The Agreeable world of Wallace Arnold: Yes, the war is the British columnist's finest hour

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The Independent Online
Dark days, indeed. But we must plug on, whatever the combined forces of fate and Mr Milosevic might seek to throw in our faces.

Yes, these past few months have been a ghastly struggle, involving much blood, sweat and tears. But at the end of the day I have emerged from it all having managed to pen three articles a week, all of them dispensing my expert day-to-day advice on how we should set about winning this unearthly combat.

No doubt you saw my piece in the Times on Wednesday last. You did? Too kind! It received a fair amount of attention, and was, I am delighted to say, singled out for a mention on the Today programme. It was headed "An End to Shilly-Shallying" and offered a handy five-point plan for bringing Milosevic to his knees:

Britain parachutes 10,000 infantry in surprise night raid on Belgrade. Torches to be shared between every two soldiers. Raid itself to commence after a good night's sleep, so that troops are fresh for the long day ahead.

Overnight accommodation to be found in local bed and breakfasts and guest houses. Prior booking essential.

After breakfast, ablutions, settling of outstanding bills, thank yous, etc, infantry to assemble in main square. Whispered roll call on site, providing element of surprise. With all present and correct, attack begins.

Mr and Mrs Milosevic to be rooted out. If in doubt, ask for immediate directions to home address at corner shop or from milkman.

No ifs or buts from the Milosevics. Unconditional surrender imperative, or further attacks on Chinese embassy will ensue asap. War brought to an end. After a routine tidy-up, troops home by 19.30 hours.

Popping into the Garrick for a swift glass of the fizzy stuff on Wednesday evening, I was delighted to bump into my old friend and quaffing partner Sir Robin Day, who was good enough to congratulate me on an excellent piece. "You're quite right, Wallace," he added, "when you say we must clear out without further ado."

I cleared and re-cleared my throat, took a reviving sip of bubbly. "Ah, yes," I said. "You must be referring to the piece I wrote 10 days ago for the Daily Mail."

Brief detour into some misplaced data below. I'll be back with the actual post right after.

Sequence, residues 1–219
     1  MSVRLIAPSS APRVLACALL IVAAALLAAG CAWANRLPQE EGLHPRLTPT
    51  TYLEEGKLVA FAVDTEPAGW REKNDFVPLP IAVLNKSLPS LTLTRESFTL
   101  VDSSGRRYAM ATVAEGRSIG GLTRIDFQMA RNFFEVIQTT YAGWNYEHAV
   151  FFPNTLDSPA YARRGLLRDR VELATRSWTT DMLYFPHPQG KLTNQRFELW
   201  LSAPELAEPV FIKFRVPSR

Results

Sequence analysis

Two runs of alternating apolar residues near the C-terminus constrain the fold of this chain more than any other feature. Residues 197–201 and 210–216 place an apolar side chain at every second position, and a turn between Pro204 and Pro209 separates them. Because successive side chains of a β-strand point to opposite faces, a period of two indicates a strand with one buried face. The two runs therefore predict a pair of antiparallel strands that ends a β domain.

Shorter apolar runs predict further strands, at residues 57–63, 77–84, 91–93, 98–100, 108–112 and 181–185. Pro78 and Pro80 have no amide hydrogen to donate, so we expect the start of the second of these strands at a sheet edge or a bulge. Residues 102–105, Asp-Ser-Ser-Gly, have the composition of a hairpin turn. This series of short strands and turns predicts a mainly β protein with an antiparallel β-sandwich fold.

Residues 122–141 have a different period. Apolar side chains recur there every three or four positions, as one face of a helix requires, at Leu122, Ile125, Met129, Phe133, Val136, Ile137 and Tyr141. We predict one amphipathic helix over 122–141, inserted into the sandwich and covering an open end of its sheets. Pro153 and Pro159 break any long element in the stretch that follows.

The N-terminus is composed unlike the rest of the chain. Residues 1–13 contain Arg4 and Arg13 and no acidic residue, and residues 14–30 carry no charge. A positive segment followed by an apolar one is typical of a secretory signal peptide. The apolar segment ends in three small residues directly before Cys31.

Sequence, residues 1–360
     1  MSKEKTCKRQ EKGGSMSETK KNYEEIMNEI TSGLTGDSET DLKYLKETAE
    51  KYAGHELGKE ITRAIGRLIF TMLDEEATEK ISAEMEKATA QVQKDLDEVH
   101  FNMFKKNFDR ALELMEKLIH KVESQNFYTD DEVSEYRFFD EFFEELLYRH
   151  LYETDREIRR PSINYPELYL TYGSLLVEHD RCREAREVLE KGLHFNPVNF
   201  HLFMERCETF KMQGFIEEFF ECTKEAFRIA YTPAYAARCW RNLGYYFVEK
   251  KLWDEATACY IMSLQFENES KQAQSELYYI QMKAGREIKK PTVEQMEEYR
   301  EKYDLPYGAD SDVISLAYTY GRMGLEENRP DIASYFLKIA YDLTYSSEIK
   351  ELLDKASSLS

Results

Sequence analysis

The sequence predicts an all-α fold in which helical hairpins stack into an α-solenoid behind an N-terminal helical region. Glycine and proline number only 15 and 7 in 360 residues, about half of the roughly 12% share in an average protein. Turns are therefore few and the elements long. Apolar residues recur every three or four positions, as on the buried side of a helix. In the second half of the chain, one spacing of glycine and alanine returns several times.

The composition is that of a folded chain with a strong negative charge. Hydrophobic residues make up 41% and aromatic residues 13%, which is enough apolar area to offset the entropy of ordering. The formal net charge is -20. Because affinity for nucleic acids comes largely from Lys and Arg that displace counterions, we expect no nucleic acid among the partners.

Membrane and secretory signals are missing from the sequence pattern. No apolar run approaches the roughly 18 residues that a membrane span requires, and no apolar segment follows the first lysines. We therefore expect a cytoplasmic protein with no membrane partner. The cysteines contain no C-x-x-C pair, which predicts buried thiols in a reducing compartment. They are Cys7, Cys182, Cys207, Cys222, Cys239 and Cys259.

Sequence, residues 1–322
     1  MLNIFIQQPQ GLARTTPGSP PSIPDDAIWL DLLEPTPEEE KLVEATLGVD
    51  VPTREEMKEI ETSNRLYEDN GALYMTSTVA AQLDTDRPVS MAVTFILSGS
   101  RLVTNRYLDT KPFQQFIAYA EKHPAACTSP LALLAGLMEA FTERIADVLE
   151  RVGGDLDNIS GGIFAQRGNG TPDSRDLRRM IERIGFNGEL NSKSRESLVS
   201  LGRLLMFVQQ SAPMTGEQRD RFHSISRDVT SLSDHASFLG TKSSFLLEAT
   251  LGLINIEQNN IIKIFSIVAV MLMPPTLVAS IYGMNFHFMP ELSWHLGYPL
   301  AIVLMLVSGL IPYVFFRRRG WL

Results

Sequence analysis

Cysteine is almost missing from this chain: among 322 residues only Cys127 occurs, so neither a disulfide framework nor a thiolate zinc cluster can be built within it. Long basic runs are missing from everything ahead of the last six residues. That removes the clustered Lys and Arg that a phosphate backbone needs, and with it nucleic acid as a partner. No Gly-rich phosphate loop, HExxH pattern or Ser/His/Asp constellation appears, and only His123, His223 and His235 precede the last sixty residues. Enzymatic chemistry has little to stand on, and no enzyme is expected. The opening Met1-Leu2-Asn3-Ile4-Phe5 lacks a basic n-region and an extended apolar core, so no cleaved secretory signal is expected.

"Admirably forthright," he chipped in. "But since then I've written an expert's-eye view for the Telegraph saying we must continue to play the long game. And a piece for the Sunday Times arguing it would have been better had we never gone in the first place.

"But the Times piece today was my most long-term view yet. It should hold good for at least 24 hours."

"Ah! The goodly Arnold!" It was Lord St John of Fawsley in his crushed velvet knickerbockers. "Excellent article you wrote in the Independent a month back saying that it was high time Blair and Clinton sent in the bombers. They seem to have heeded your words, dear boy!"

Invigorating, indeed, that my humble pen should have generated so much positive reaction. But, in time of war, one must keep one's nose to the grindstone, and no sooner has one article disappeared than another must be brought in to take its place. Hence my piece in today's Mail on Sunday (" Wallace Arnold, The Man the Generals Listen To") offering my thoughtful and provocative "Strategy for Peace in Three Days". Day 1: Stop bombing of Belgrade at once. Day 2: Send ground troops into Belgrade. Day 3: Resume bombing of Belgrade.

And of course, in tomorrow's Independent I say we must press ahead with our diplomatic initiatives. The best way to swing the Russians to our side is to inflict a few casualties on the civilians of that ill-begotten nation. A tragic loss of life involving the innocent citizens of Moscow going about their everyday business might be just the thing. Then, and only then, would the broad sweep of the Russian population - not to mention their leaders, if any!! - throw down their arms and come over to our side.

Brave, decent, resolute: the war brings out the best in the British columnist. As I was leaving the Garrick on Wednesday last, who should I bump into but my old friend and quiffing partner William Rees-Mogg, who has been directing the allied forces with such brilliance these past few weeks. "It'll all be over in three days," he confided, a point of view he has held consistently these past six weeks. "Whatever you do, don't tell the editor of the Independent on Sunday," quoth I. "He's just commissioned me to pen a series of weekly strategy briefings all the way through to late August, bless him."